“As the sun was setting, all those who had any who were sick with various kinds of diseases brought them to him; and he laid his hands on each of them and cured them.” Luke 4:40
I recall the startling jolt I received when I first saw this picture and read the story associated with it. I was in the public library in Junction City, Oregon, the magazine in which the image appeared was outdated, and (confession coming) I wanted to tear out that page and keep it. I resisted that evil urge, though, and left the magazine intact. I’ve never forgotten that tiny baby hand holding onto his “saviour”, nor do I suppose I ever will.
A striking message is here: Each of us need other human beings. We need to stroke them, to be with them, to depend on them…We need to heal people by touch, by grasping their hands, by offering a finger. Jesus did, our supreme example, our Master, our Teacher. And though we cannot heal as He did, we are commanded to “heal the sick,” to touch people, to “lay hands” on the needy.
Dr. Joseph Bruner at Vanderbilt is known for his work in fetal surgery, especially on babies with spina bifida, a condition in which the spine does not close properly during development. Vanderbilt confirms that little Samuel Armus was 21 weeks-old in the womb which makes the surgery very risky because if anything goes wrong, the baby cannot survive on its own. Dr. Bruner and his colleagues, however, have done numerous successful spina bifida surgeries on fetuses that are not yet viable. In this particular surgery, the baby’s hand poked out of the incision in its mother’s womb and Dr. Bruner says he instinctively offered his finger for the baby to hold. Most versions of the story say the baby reached out and grasped Dr. Bruner’s finger, but in an article in USA Today on May 2, 2000, Dr. Bruner says both the mother and the baby were under anesthesia and could not move. Michael Clancy, the photographer who took the picture and who owns the copyright to it says, however, that out of the corner of his eye he saw the uterus shake and the baby’s hand pop out of the surgical opening on its own. Clancy says that when the doctor put his finger into the baby’s hand, the baby squeezed the finger and held on. You can read Clancy’s description of the experience and more about the picture at his website at www.michaelclancy.com.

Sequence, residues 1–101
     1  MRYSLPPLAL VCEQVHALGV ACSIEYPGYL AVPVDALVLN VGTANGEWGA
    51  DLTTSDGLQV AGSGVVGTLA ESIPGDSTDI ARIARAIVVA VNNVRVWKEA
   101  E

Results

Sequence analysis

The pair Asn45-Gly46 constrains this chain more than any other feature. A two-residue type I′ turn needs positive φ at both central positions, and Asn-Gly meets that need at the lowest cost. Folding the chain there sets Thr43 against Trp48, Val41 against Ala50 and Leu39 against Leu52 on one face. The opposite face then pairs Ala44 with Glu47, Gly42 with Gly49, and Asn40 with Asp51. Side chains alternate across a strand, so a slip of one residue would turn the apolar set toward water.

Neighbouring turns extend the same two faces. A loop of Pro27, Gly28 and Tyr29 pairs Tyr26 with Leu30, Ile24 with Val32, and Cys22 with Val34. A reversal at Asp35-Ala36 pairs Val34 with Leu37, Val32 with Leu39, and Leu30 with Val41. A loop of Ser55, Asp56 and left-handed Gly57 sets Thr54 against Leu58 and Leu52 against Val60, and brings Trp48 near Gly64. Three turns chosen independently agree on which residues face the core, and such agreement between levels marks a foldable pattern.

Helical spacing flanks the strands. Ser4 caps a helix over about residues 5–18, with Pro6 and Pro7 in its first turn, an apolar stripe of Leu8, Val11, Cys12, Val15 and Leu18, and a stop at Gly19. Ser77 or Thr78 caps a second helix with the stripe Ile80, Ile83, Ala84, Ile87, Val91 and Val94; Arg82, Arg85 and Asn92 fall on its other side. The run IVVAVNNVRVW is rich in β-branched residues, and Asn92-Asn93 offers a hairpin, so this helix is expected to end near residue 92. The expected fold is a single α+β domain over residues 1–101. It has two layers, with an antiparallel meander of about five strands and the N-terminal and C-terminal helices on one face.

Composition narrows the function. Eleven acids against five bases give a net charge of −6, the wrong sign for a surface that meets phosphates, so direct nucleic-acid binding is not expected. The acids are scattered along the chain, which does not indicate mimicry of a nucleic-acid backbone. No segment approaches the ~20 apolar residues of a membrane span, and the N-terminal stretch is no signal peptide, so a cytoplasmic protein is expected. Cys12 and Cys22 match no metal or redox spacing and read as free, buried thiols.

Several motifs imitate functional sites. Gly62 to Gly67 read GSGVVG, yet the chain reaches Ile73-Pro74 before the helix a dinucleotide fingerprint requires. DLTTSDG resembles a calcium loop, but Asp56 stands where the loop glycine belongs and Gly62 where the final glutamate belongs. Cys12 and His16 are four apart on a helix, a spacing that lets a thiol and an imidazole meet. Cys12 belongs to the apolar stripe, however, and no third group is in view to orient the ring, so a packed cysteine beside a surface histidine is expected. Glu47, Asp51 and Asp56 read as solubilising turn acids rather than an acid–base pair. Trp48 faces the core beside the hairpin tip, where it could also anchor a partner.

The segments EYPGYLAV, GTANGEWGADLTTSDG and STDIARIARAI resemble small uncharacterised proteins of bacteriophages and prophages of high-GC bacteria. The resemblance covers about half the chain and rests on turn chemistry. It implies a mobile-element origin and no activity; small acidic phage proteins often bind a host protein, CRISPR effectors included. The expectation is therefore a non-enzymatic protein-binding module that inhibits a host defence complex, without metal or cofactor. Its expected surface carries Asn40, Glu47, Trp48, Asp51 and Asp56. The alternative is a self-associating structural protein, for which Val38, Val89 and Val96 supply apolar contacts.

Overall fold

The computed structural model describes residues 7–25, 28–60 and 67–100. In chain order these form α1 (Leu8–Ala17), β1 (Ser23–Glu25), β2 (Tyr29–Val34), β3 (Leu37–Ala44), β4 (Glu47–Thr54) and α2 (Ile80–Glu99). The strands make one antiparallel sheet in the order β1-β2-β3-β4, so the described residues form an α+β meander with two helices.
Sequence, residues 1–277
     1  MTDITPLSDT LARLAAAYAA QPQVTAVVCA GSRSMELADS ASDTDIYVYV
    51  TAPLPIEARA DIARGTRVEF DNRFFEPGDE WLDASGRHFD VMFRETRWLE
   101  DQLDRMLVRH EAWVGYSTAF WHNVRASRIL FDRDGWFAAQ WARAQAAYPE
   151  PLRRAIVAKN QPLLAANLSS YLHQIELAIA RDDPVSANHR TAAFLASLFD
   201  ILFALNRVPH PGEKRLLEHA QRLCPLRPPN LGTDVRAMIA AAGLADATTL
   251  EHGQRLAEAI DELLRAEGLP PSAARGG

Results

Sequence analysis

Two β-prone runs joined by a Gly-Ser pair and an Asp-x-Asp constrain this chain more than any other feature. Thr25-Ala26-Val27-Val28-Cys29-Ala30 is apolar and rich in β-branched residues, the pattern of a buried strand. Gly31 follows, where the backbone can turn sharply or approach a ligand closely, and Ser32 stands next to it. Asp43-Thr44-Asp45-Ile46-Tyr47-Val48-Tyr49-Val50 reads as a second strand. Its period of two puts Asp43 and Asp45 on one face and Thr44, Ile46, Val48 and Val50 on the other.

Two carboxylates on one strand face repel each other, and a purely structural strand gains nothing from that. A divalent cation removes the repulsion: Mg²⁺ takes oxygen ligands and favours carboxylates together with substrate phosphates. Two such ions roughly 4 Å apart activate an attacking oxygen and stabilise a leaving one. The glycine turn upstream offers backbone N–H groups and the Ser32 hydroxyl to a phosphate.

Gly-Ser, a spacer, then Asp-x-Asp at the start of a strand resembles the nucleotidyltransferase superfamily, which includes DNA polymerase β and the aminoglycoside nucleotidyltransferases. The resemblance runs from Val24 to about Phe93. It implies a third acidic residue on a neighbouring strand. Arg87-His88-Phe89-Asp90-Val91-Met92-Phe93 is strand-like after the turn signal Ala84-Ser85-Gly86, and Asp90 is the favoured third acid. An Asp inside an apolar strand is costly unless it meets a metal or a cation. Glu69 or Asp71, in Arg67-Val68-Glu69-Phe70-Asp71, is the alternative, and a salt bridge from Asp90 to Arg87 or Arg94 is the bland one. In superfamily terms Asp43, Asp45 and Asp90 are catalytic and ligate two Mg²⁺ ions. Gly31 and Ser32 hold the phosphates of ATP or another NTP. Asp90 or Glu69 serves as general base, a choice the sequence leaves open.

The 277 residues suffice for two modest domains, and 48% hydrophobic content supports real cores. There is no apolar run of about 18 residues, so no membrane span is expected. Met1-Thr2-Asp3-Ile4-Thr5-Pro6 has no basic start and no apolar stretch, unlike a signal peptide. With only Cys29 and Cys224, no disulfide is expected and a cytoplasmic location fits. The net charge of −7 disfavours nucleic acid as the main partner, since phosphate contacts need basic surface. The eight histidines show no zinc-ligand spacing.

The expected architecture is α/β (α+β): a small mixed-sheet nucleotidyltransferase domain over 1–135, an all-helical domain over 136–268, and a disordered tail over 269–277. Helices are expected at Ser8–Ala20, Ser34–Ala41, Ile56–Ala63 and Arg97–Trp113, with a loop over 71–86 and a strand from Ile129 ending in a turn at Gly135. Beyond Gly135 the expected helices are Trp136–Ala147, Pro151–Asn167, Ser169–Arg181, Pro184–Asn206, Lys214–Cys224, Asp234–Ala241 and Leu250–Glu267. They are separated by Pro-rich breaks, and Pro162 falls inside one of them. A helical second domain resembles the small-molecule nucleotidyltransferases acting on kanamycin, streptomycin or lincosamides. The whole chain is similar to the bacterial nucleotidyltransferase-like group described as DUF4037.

Update: The surgery was successful and little Samuel Armas was born on December 2, 1999, and has been developing well, according to his parents, Alex and Julie Armas.